• Weather: Clear skies are best obviously, cloudy conditions can ruin your chances of a sighting.

Tick all three boxes, and you're in with a shot!

A composite image shows the International Space Station passing in front, as the Moon eclipses one side of the Sun. Photo: This composite image, made from seven frames, shows the ISS, as it transits the sun during a solar eclipse. (Supplied: NASA/Joel Kowsky)

The ISS is due to fly over my area. What am I looking for?

A very bright light moving across the sky â€" somewhere between an aeroplane and a shooting star.

"The space station is the brightest moving object in the sky, and it will move quickly across the sky," Dr Tucker said.

"It moves faster than an aeroplane, but the lights don't blink, but it's like a shooting star where it's just this bright light that moves.

"It can last from 20 seconds up to a few minutes depending on where it's orbiting."

No need for a telescope either â€" you can spot the ISS with the naked eye.

Basically it'll look a little something like it does in this video:

External Link: ISS crossing the night sky

I've just got an alert about an upcoming sighting of the ISS. How do I decipher the information?

If you sign up to one of those apps mentioned above, you may get a notification like this:

SpotTheStation! Time: We d Apr 25 7:45 PM, Visible: 4 min, Max Height: 66 degrees, Appears: WSW, Disappears NE.

To break it down for you:

Facts and figures

  • 230 individuals from 18 countries have visited the ISS
  • The space station has been continuously occupied since November 2000
  • An international crew of six people live and work while traveling at a speed of five miles per second, orbiting Earth about every 90 minutes
  • In 24 hours, the space station makes 16 orbits of Earth, traveling through 16 sunrises and sunsets
  • Peggy Whitson set the record for spending the most total time living and working in space at 665 days
  • To mitigate the loss of muscle and bone mass in the human body in microgravity, the astronauts work out at least two hours a day
  • The space station is 357 feet end-to-end

Time: When the sighting opportunity will begin in your local time zone. All sightings will occur within a few hours before or after sunrise or sunset. This is the optimum viewing period as the sun reflects off the space station and contrasts against the darker sky.

Visible: The maximum time period the space station is visible before crossing back below the horizon.

Max Height: It represents the height of the space station from the horizon in the night sky. The horizon is at zero degrees, and directly overhead is ninety degrees. If you hold your fist at arm's length and place your fist resting on the horizon, the top will be about 10 degrees. It's measured in degrees (also known as elevation).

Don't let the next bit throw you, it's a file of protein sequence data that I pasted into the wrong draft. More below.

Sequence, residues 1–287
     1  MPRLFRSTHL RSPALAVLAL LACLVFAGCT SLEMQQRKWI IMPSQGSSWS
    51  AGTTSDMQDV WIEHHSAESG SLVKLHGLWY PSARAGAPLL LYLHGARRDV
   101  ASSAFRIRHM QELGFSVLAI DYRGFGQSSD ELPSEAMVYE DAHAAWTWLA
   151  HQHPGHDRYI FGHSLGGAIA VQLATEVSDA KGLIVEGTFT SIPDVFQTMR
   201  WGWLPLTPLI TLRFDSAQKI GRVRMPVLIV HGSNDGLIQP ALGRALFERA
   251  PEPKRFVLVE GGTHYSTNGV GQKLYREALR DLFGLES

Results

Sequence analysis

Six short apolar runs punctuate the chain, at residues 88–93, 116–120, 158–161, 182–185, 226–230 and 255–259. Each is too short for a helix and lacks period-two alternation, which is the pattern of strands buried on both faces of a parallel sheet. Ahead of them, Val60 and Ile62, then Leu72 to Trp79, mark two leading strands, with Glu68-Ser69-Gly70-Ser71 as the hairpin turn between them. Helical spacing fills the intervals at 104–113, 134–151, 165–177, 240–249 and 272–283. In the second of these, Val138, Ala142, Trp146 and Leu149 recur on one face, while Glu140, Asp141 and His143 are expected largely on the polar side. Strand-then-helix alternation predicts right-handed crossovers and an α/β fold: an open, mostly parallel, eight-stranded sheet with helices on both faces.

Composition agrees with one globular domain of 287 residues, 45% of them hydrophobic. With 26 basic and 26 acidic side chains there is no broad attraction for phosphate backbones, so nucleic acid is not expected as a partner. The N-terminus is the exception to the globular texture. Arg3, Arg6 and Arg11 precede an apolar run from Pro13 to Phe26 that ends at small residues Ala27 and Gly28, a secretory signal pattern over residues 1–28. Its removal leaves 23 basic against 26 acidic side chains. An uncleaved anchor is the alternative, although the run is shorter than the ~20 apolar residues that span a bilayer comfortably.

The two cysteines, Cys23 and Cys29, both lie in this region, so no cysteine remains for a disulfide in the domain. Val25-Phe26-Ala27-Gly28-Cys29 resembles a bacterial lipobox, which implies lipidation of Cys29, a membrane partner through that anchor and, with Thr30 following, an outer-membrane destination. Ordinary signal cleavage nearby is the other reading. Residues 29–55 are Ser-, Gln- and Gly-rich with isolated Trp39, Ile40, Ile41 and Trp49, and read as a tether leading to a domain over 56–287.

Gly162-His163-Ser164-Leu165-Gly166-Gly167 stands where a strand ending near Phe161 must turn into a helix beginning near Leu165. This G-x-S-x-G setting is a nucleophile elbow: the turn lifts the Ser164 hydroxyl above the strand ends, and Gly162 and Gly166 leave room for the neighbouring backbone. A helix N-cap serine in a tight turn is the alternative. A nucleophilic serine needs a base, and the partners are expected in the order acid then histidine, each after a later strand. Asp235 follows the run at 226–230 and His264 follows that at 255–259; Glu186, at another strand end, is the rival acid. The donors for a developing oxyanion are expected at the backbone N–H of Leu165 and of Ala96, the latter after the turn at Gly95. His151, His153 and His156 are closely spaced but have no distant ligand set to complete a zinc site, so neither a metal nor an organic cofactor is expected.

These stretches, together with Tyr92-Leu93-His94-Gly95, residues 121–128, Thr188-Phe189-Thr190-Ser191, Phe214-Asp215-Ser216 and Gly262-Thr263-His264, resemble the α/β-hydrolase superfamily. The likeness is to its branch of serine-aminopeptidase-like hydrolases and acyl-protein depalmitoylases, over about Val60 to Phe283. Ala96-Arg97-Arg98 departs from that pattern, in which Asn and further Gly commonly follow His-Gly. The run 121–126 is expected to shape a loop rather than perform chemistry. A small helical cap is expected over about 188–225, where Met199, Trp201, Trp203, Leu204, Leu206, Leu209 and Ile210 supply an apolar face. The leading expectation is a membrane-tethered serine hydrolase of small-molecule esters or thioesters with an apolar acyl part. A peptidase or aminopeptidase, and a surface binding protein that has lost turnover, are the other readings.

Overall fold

Appears: The location in the sky where the station will be visible first. This value, like maximum height, also is measured in degrees from the horizon. The letters represent compass directions.

Disappears: Represents where in the night sky the ISS will leave your field of view.

So for the instan ce above, the ISS will be visible at 7:45pm for four minutes. It will appear 66 degrees above the horizon from west south-west of your position, and disappear in the north-east.

Graphic showing where to look for the International Space Station in the night sky.Infographic: Graphic showing where to look for the International Space Station in the night sky when you have the altitude, max height, and other information. (Supplied: NASA)

Is there anything else I can spot orbiting the Earth?

Yes, other satellites!

"I would say on any given clear night if you're looking at the sky you'll see one satellite every 30 minutes to hour," Dr Tucker said.

One thin g to keep an eye out for are iridium communication satellites and their iridium flares.

"The panels are really reflective, so there won't be a bright streak like the ISS but there will be a bright flash," Dr Tucker said.

"So sometimes if you see a bright flash it's actually what we call an iridium flare, and if the angles are right you get a bright reflection off these communication satellites."

Here's what it looks like:

External Link: Prime example of an iridium flare (watch the left side of the screen)

Topics: science-and-technology, astronomy-space, spacecraft, human-interest, space-exploration, brisbane-4000, canberra-2600, perth-6000, sydney-2000, melbourne-3000, australia, qld

First posted June 23, 2018 08:23:31

Contact Patrick William s

More stories from Queensland

Source: Google News US Science | Netizen 24 United States

No comments